Many research and development executives do more than simply develop new dishes these days. Some culinarians are holding top management positions at large restaurant companies and are helping to chart their brands’ overall business direction.
“It’s easy for chefs to come up with items that taste good,” said Skip Weldon, senior vice president of marketing for Bertucci’s Corp., a 94-unit chain based in Northborough, Mass. “But menu items that taste good, deliver the brand and connect with consumers require strategic insight, innovative thinking and the ultimate expertise and skill set.”
“People in R&D positions are being held accountable for more than simply blue-sky product development,” said Steven Goldstein, a partner at The Culinary Edge, consultants based in San Francisco. “R&D has always been the creative role, but it seems that it’s moving to a more strategic role.”
Bertucci’s Weldon called his vice president of culinary, Stefano Cordova, a “strategic partner” and noted that R&D individuals are “critically important because they develop the ideas for our menu that ultimately create our reason for being with consumers.”
Cordova added that “for innovation to work you need someone in marketing who understands that without innovation you become obsolete within five years because there will be someone else who is more innovative who will take your business away.”
The ability to provide “direction” is a key part of the process, he said. Without that leadership, “restaurants really can’t create a point of difference, and the R&D people can’t be innovative to their full potential.”
Frank Paci, who recently was named chief executive of McAlister’s Corp. in Ridgeland, Miss., agreed. He too holds himself accountable for high-level communication at the 300-location operation.
“Everybody on the management team needs a clear vision for the business,” Paci said. “So they understand what we’re trying to do.”
Paci said David Groll, McAlister’s director culinary development and corporate executive chef, has “credibility in the system, which helps with the introduction of products.” Groll established respect among franchisees and helped build business in part by listening to customers.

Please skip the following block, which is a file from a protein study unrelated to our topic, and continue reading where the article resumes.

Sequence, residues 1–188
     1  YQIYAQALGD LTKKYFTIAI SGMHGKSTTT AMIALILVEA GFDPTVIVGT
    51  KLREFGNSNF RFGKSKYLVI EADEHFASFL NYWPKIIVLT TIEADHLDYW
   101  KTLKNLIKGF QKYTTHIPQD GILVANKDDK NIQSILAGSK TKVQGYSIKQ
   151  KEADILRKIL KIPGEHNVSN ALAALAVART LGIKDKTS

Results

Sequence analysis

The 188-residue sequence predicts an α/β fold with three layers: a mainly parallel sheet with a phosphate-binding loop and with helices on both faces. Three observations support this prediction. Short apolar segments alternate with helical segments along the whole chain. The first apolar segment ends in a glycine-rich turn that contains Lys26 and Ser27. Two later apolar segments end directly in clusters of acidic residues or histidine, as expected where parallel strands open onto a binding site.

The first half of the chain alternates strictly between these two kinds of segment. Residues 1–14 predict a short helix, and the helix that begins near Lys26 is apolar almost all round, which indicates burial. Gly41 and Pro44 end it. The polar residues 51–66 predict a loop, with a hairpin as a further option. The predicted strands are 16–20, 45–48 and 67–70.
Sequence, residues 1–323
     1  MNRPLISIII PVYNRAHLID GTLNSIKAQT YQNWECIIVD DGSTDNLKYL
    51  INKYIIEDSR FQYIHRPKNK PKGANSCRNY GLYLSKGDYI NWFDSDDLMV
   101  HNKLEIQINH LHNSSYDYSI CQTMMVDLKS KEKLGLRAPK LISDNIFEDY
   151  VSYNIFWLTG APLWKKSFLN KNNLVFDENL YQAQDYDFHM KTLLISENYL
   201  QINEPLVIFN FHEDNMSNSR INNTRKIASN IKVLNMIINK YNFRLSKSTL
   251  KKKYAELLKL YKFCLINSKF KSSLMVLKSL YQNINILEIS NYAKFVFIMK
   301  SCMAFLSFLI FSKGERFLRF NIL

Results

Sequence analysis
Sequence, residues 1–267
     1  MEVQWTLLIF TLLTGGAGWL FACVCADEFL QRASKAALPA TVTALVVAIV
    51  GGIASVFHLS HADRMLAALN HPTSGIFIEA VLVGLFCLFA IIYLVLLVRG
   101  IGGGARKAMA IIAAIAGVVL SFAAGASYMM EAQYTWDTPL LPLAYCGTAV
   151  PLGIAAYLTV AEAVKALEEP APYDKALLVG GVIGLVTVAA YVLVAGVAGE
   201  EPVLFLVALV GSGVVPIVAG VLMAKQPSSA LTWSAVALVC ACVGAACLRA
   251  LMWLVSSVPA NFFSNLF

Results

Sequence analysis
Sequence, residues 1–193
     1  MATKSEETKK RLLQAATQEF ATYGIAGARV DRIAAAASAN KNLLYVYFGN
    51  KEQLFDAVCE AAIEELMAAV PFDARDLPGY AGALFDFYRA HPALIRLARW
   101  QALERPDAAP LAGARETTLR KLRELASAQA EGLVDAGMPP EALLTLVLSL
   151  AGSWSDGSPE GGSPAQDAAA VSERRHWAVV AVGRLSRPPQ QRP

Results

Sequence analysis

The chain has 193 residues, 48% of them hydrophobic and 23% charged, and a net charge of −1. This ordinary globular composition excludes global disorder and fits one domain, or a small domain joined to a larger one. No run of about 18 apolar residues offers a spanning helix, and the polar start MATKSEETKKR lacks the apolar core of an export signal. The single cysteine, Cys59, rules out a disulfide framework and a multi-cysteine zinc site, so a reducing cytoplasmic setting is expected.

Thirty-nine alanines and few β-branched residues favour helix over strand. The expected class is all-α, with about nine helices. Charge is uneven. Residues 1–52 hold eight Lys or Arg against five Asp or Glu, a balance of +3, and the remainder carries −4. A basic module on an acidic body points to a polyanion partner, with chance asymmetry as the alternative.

“We manage the feedback system,” Groll said, “where we monitor any comments by the guests.” Besides understanding his guests’ motivations, Groll worked on the supply side of the business, so he knows how to work well with them, Paci added.
Jeff Sinelli, founder and chief executive of Which Wich, said he also maximizes relationships with food purveyors by using them to develop dishes and research options for his 126-unit, Dallas-based sandwich chain. Rather than hiring a culinary staff, Sinelli calls in suppliers’ chefs to dream up dishes. He said those chefs are the talent behind Which Wich’s newly opened R&D Test Kitchen, which is open to the public.
“We’re taking almost a transparency approach” to R&D with the new kitchen, Sinelli said, adding the exposure isn’t a problem since other chains have spied on his business anyway.
“Our competitors have already jumped into our dumpsters,” he said. “But the world is moving so fast right now with the Internet and social media,” so new items rapidly turn into yesterday’s stale news.
In fact, Sinelli said he’d be happy to see something he’s testing “on a competitor’s menu. It would just validate that they’re watching us or that we’re on the right track.”
Besides having a spot to test new culinary concepts, Sinelli opened the new Dallas R&D center partly because cooking is cool these days.
“Restaurants have changed in the last couple of years,” he said. “There has been a focus on chefs who have become almost stars. So I think people have taken a different kind of interest in food, health and allergies.
“And with that higher consciousness they’re demanding more out of restaurants,” Sinelli continued. “So for a restaurant to not have some kind of focus on R&D, they’re not paying attention to the customer.”